Sunday, March 8, 2009

PN-40 Review - Signal

Your impression of the PN-40's accuracy and speed of signal aquisition will depend heavily on what GPS units you have used previously. If you are a few generations back, the PN-40 will probably impress you greatly. If you've owned a Garmin 60CSx or newer, then it will be about on par, maybe a little better, maybe a little worse, than what you are used to. My last GPS was a Magellan Meridian Gold, so the PN-40 represents a MAJOR improvement. As a note, all of my observations are based on the current DeLorme firmware, version 2.5 beta 3. Prior to that version there were some WAAS issues and some minor accuracy issues that made me hold off on this review, but the situation has improved dramatically.

Signal aquisition is pretty darned fast on the PN-40. Double digit seconds range for a cold start, and single digits if you've used the unit a few minutes previously. You are up and navigating with a 3-D lock fast enough that I usually don't have my shoes re-tied before it finished. If you turn the unit off when not navigating to conserve power, like I do, this fast signal aquisition is key.
Accuracy is frequently in the single digit feet range, and almost always in the low teens or better. I've tested the unit on flat terrain, on gently and steeply sloping terrain, and on terrain where large portions of the horizon are obscured by rocks or a whole mountain, and I'm more than satisfied with the accuracy of the unit, and its ability to hold a signal lock sufficient for navigation.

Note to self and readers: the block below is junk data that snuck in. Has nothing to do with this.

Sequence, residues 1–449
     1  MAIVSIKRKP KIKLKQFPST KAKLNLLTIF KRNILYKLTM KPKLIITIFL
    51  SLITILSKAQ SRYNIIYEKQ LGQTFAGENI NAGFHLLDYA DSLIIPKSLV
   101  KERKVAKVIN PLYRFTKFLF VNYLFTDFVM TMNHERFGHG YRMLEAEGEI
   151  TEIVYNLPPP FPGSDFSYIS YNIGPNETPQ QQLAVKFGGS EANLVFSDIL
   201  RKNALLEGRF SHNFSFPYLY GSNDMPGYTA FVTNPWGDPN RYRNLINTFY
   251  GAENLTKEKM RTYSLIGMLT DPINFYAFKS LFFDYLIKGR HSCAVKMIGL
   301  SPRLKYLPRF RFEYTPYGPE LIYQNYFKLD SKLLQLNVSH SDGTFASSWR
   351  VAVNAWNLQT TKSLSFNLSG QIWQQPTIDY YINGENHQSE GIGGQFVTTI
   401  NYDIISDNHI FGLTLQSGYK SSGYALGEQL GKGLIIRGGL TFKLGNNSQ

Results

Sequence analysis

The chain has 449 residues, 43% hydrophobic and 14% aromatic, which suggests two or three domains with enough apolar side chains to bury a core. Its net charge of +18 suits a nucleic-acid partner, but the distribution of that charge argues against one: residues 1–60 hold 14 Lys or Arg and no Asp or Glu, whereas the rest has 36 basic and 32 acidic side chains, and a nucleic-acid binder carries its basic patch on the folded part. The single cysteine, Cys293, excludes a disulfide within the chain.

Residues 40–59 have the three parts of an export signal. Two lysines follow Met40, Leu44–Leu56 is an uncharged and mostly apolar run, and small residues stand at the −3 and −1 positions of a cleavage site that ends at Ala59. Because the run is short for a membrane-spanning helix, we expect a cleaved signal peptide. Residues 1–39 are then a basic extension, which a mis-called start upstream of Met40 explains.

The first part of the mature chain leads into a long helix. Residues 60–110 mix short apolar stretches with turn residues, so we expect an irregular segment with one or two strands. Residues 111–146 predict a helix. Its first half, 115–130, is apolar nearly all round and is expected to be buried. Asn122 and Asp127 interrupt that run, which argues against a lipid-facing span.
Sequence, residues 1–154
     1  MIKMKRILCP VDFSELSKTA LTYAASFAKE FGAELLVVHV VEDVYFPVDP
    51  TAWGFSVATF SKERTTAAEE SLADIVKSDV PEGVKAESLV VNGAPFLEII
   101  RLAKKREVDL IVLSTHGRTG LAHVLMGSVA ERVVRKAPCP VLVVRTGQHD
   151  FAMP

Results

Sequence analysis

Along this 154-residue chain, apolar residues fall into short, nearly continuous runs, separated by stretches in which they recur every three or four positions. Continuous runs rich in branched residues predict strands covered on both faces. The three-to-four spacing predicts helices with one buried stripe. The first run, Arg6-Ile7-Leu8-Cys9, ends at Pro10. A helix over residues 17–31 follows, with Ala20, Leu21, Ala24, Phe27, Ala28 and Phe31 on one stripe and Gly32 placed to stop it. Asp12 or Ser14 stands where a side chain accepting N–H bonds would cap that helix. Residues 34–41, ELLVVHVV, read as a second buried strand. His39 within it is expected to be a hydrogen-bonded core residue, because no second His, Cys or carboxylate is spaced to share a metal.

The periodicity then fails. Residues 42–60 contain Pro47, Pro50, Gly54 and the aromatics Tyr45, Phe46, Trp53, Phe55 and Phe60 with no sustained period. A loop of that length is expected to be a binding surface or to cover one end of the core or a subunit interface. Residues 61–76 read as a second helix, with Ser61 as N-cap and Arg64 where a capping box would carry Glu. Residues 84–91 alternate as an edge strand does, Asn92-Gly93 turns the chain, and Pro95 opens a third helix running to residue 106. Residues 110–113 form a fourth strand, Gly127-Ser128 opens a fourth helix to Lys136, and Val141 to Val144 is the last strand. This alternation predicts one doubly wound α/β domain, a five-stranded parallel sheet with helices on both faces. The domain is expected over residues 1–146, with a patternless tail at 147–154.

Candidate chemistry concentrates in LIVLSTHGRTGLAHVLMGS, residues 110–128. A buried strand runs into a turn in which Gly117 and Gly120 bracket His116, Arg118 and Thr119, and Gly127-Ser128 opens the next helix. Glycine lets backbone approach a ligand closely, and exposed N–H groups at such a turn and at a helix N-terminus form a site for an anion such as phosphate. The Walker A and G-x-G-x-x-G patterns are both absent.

The WAAS implementation was a little squirrely prior to the beta firmware. DeLorme has indicated that the problem was with the Cartesio chipset's firmware from STM. Prior to the firmware, getting a WAAS lock with the PN-40 was downright difficult, and impossible for some users. I can now get a WAAS lock fairly quickly, and maintain WAAS correction data for most of a hike unless the terrain prevents a view to the south west. However, I don't really feel that WAAS is an essential feature for the bushwhacker anyway, since it only provides a small increase in accuracy (sometimes none), and most bushwhackers are trying to find objects that are somewhat easier to find than the film canister a geocacher might be seeking. ;)
As part of the beta firmware release, DeLorme added a new feature to the PN-40 called "Predictive Ephemeris" that provided a dramatic increase in signal aquisition speed. I won't go into the details, but basically the unit makes an educated guess as to the individual satellites locations, sacrificing accuracy for speed. Previously, the PN-40 had to wait for emphemeris data to download for each satellite it was tracking for that satellite was used to calclulation position. Now, while the PN-40 downloads new emphemeris data, it estimates what the data will be, and runs with the estimate until the new data arrives. Again, if you turn your unit off a lot while hiking, this is good for you.

Overall, I am very pleased with the accuracy of the DeLorme PN-40, and consider it more than capable of being used on a bushwhacking trip. I have not been able to test the unit under decidious foliage as it is winter, so keep that in mind, and I'll update when I can.

Next: DeLorme PN-40 Review - Maps
Back: DeLorme PN-40 Review - Field Operations

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